Editorial: Court advances Islamic agenda

The U.S. Supreme Court thinks that a business should hire a person regardless of company standards.

The court voted 8-1 in favor of Samantha Elauf against retailer Abercrombie & Fitch. Elauf applied for a job wearing a headscarf because she is a Muslim and some Muslims require their women to cover their heads.

Store management in Tulsa declined to hire her. They did not decline to hire her because she is a Muslim but Abercrombie & Fitch has a distinctive style for employees and a head scarf just didn’t fit the style they prefer.

She charged discrimination. This raises several questions:

Did she apply, knowing she would be turned down, so that she could make this a test case to push the Islamic movement?

Does this ruling mean that if someone believes that wearing bib overalls is a part of their religion, that Abercrombie & Fitch must hire them?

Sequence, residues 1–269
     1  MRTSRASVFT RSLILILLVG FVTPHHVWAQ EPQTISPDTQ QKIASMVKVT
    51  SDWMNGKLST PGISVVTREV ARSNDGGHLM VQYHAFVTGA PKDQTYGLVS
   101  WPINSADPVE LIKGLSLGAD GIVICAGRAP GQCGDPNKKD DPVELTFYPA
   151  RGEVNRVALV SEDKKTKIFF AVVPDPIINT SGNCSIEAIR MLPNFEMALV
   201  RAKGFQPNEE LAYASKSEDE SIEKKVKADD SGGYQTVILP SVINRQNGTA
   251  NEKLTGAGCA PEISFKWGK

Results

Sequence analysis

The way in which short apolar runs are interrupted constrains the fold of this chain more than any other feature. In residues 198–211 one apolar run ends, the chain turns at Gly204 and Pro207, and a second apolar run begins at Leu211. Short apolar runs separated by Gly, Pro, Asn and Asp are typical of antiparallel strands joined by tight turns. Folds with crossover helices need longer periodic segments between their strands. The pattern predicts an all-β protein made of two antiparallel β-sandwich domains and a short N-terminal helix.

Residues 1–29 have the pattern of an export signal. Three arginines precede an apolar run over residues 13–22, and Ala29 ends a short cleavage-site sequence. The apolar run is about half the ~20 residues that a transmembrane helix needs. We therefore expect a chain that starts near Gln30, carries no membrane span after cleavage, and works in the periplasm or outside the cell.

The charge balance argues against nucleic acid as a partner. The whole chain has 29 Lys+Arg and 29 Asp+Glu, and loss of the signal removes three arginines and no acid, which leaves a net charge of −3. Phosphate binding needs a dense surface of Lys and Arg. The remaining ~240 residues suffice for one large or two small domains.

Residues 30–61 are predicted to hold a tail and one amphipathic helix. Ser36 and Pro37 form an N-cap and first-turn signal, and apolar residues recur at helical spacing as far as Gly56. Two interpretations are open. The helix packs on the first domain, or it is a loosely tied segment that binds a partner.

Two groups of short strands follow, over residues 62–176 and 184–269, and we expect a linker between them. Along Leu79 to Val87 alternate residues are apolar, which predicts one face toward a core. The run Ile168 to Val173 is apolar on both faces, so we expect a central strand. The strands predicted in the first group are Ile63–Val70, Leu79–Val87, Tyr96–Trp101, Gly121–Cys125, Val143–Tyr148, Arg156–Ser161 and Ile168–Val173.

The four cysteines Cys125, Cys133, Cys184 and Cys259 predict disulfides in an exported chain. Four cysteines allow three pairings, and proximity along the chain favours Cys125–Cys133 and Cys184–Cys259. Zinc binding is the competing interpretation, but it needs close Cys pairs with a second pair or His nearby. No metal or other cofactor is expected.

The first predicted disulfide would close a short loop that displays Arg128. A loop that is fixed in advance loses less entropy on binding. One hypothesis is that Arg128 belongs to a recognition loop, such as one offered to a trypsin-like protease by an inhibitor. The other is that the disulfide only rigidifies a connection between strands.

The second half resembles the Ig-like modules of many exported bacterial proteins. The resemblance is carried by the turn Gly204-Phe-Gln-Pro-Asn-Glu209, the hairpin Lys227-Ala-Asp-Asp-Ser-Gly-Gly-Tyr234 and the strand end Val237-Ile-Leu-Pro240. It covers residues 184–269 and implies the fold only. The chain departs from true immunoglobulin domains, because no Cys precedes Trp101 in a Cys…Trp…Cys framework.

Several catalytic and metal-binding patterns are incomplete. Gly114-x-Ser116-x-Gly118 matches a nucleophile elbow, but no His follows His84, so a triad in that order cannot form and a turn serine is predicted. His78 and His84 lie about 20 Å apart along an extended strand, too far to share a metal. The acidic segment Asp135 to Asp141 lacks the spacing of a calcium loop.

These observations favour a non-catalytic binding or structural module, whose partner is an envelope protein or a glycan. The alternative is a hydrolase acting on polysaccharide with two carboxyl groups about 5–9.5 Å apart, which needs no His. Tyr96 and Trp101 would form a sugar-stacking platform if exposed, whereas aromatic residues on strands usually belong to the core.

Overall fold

If the Tulsa police academy gets an applicant who wants to wear a hijab, a skullcap or a turban instead of a regular uniform, and the police say no, is that discrimination?

And what must the military do to accommodate Muslim women who don’t want to wear standard issue uniforms?

In America, you have the right to follow your own religion. People shouldn’t be denied employment solely on the basis of their religion but employees should understand that some jobs require a certain style of dress.

And if that dress code is in contrast to their religion, they should respect that and seek employment elsewhere.

Muslims want to take over America and subject us to shariah law. Winning these kinds of lawsuits with liberal judges is just one of their strategies.